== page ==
Looking to get a high school diploma? Watch out for scams.

There are plenty of good reasons to get your high school diploma as an adult. It can open doors to a new job or promotion, or help you get into college or the military. But before you start looking into your options, make sure you know how to spot a diploma scam.

The FTC has filed charges against two fake high school diploma operations: Capitol Network Distance Learning Programs (CNDLP) and Stepping Stonez Development.

Doing business as Lincoln High School, Aberdeen Academy, Escuela Capital, and many other names, the companies promised fast diplomas equivalent to the well-known GED®. All you needed to do was take a test and pay anywhere from $135 to $249. People in testimonials claimed they kept their jobs or got new dream jobs with the diplomas they received.

There were no classes, no study materials, and no homework — just one multiple-choice test on the site. And if you didn’t pass? Just try again, this time with the correct answers highlighted. According to the FTC, it was all a scam.

The companies claimed a wide range of organizations accepted the diplomas, but when people tried using them to enroll in college, apply for jobs, get a promotion, or enlist in the military, they found out they were worthless.

Here’s how you can spot a high school diploma scam:

They want you to pay for a diploma. It’s ok to pay for classes or testing — but you shouldn’t pay for just a diploma.

You can get the diploma from home, ASAP. If you can earn the diploma without taking any classes or in-person tests, it’s a scam.

They claim to be affiliated with the federal government. The federal government doesn’t regulate high school equivalency diploma programs. Each state decides what high school equivalency tests and programs are approved there.

Want the real story in getting a high school equivalency diploma? Read High School Diploma Scams.

This post was updated to indicate the FTC has asked a court to stop the defendants' allegedly illegal actions.

Blog Topics: 
Jobs & Making Money


Well I reckon that aint right

Hi lately there is a new scam arising man claiming he is a lottery agent from Smartphone technoligies and he us giving away 500,000 to smartphone users snd asking for all kinds of private information this is not real this is a scam.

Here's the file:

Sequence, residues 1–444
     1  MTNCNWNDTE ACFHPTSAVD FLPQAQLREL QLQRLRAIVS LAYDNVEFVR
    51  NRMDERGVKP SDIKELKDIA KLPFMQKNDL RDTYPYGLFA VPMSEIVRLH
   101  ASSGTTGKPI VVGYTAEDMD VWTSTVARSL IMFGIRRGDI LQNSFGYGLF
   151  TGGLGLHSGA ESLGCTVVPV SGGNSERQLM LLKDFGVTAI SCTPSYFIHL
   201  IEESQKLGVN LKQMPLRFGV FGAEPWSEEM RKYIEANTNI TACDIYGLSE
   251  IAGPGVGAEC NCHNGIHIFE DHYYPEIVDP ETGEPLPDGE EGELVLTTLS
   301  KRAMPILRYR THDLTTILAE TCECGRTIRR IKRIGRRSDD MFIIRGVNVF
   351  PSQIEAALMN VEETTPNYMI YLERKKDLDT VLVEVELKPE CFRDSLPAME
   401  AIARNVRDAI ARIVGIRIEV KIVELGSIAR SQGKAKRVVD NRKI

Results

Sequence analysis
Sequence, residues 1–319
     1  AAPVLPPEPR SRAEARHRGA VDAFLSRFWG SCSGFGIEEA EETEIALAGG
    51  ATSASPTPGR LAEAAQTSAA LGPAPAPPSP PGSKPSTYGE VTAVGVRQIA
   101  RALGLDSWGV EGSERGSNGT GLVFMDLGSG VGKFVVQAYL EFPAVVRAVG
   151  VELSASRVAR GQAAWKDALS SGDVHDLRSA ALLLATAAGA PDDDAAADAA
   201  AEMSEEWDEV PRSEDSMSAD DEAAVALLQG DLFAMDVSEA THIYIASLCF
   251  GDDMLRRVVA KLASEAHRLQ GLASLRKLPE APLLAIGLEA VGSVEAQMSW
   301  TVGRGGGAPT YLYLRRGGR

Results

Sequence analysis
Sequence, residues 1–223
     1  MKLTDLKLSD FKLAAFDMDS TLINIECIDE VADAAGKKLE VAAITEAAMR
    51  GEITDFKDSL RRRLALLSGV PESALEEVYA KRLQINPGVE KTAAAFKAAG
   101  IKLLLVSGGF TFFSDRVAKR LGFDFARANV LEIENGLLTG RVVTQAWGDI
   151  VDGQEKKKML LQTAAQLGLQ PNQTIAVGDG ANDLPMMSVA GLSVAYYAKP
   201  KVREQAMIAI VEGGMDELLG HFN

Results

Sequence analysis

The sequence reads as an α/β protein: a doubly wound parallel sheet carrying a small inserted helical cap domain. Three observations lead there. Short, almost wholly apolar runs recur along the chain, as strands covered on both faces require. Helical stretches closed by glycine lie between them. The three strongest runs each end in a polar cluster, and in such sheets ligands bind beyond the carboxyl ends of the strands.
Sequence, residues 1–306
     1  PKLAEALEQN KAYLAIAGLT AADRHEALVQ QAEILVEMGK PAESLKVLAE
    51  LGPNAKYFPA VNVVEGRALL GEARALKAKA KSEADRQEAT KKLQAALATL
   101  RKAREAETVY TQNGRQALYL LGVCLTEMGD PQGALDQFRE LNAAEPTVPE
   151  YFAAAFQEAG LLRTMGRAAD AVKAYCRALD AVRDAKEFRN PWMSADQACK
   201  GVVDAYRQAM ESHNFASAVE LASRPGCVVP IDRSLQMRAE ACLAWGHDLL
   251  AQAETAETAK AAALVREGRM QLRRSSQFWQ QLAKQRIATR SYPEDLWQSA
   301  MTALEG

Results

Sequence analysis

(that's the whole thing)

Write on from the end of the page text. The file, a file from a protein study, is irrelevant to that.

Does Masters Learning Institute fall into this category of high school diploma mill scams? People pay for this "diploma" but all they have to do is complete one workbook in Spanish.

It's not accepted by the state of Texas, where it was created, nor are they accepted by the Dept of Immigration when a parent filing for DACA includes the certificate as proof of education.

Can we get them to cease and desist from calling their worthless piece of paper a "High School Diploma'?

You can report fraud to the FTC at FTC.gov/complaint. Please provide as much information as you have. You can also contact your state Attorney General’s office and the Consumer Financial Protection Bureau.

Please tell people about this FTC article about High School Diploma scams (in Spanish as Estafas de diplomas de escuela secundaria).

You may also want to contact your:

This information regarding The Masters Learning Institute is not true. We were proven legitimate in the State of Texas. We have been in business for 30 years. We have many students that have already completed the DACA program, are enlisted in the Military and hold state and federal positions. You must take SATs and/or ACTs in order to continue your education it is our requirement. So we do abide by State laws if there are other questions the consumers can also contact our office directly.

How can I get my transcript from masters senior high school from Houston?

You can call or visit the school to request a transcript, or look online for a telephone number for the main office.

How scams occured in High School Diplomas? Be Awared from frauds.Nice Blog!

Leave a Comment

Comment Policy

Read Our Privacy Act Statement

It is your choice whether to submit a comment. If you do, you must create a user name, or we will not post your comment. The Federal Trade Commission Act authorizes this information collection for purposes of managing online comments. Comments and user names are part of the Federal Trade Commission’s (FTC) public records system, and user names also are part of the FTC’s computer user records system. We may routinely use these records as described in the FTC’s Privacy Act system notices. For more information on how the FTC handles information that we collect, please read our privacy policy.